From there I rushed over to the Hyperion booth to meet Patricia McCormick. We started corresponding a couple of years ago about her novel, Sold, and about my own writing. She's an awesome writer and a really nice person, so I'm happy I was at TLA the day she was there so I could meet her in person. We hadn't communicated much lately, since someone hacked into her email account. I knew all those emails about um, "toys" weren't really from her.

After leaving the exhibit hall, I sat down on bench outside before making the trek to the parking garage. I know I looked like a bag lady. A bag lady who really, really liked to read. Of course after making it to the garage I still had about twenty minutes of wandering around exclaiming, "Where's my car? Dear God, just help me find my car! Where did I park?"

I collapsed soon after arriving at my mom's house, about an hour out of town, where I stayed for the rest of the weekend. I did plan on going back to TLA the next morning, but like I mentioned before, it was really rainy when I woke up. And the bed was so comfy. And there was no way I was going to walk around in those shoes again. I still had the nothing-to-wear problem; I'd bought a cute Where The Wild Things Are shirt, but it didn't occur to me that I'd be wearing the new white shirt over a navy blue bra. Not so cute.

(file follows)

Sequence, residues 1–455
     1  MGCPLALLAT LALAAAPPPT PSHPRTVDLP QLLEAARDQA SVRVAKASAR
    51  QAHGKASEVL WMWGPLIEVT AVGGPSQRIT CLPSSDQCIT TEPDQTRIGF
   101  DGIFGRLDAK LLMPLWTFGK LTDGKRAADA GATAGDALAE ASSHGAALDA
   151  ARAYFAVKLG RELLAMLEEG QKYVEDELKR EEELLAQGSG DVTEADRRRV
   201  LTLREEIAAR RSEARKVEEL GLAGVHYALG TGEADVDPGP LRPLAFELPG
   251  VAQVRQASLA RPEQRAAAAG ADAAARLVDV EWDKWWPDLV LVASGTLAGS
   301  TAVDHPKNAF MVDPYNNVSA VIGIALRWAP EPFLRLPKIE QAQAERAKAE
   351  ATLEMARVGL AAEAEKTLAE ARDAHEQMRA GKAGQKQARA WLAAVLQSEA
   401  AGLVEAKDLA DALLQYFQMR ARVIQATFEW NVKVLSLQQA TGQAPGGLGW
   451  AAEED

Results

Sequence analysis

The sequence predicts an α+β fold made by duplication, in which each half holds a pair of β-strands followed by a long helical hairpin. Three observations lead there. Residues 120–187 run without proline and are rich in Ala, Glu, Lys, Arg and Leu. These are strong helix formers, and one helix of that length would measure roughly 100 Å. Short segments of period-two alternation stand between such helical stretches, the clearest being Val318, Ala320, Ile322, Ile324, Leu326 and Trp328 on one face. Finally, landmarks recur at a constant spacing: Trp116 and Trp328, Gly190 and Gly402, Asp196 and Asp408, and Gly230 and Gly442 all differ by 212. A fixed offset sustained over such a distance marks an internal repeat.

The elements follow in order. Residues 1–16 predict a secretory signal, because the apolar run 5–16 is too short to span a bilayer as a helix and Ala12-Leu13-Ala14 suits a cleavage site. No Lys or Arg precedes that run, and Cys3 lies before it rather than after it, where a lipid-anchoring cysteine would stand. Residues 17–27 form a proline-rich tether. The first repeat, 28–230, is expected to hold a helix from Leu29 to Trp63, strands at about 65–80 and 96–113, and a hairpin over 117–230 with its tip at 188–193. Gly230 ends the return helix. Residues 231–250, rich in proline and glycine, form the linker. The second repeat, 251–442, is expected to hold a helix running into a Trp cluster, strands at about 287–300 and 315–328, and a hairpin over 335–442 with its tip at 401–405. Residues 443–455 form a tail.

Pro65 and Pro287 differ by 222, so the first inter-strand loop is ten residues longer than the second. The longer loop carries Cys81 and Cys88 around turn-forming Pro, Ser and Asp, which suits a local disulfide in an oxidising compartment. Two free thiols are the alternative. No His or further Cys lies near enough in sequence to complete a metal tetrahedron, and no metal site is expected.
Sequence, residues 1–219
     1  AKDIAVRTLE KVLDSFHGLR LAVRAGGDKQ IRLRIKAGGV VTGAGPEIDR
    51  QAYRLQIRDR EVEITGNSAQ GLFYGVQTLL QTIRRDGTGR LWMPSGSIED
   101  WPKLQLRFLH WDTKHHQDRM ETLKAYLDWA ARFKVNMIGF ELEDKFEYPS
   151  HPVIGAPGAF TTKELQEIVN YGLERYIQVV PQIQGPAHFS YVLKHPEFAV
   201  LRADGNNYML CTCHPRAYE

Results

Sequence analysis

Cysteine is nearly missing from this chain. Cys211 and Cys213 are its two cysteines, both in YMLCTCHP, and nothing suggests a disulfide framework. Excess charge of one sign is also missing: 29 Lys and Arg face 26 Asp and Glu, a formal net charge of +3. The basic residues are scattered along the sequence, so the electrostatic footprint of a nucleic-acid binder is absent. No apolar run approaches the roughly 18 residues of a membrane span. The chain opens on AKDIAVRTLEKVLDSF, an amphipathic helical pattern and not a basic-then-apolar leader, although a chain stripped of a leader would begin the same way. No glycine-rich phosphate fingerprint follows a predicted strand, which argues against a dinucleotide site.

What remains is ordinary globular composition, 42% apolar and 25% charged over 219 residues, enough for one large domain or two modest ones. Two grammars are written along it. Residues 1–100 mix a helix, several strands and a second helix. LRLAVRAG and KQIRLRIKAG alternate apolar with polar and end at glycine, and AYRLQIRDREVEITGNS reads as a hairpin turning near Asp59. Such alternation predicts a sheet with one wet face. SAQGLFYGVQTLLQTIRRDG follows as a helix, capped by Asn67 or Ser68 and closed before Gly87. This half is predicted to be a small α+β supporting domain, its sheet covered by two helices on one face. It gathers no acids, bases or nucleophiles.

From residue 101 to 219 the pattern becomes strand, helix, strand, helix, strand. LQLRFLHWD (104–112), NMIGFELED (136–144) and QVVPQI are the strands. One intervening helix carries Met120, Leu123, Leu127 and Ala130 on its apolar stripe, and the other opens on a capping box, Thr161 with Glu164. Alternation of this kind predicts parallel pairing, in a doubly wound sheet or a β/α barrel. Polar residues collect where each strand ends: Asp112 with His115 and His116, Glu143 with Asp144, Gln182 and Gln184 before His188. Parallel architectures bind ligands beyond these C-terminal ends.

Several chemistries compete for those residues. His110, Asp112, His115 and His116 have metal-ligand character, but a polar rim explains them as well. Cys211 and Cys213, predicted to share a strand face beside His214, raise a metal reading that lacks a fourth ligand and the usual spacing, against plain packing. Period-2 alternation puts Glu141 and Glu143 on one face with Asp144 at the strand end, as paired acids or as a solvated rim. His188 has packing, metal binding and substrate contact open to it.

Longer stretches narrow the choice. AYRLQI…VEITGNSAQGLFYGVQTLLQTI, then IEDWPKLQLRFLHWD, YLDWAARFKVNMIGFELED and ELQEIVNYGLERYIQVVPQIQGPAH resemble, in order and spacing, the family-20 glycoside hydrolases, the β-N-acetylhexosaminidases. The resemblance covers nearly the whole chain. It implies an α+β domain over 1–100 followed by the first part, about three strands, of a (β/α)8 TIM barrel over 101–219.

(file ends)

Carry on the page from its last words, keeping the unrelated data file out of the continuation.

So I wimped out. Didn't go anywhere, didn't wear shoes the rest of the weekend. Just sat around Mom's house in my Storysaurus shirt and read my new books. I started and finished Charles Benoit's You on Saturday. Amazing book, so hard to put down. The rep at the HarperCollins booth had said that reading it was like "watching the Titanic sink and hoping it'll work out okay this time." You know from the beginning of the book that things are not going to turn out well, but you have to keep reading to see how things unfold.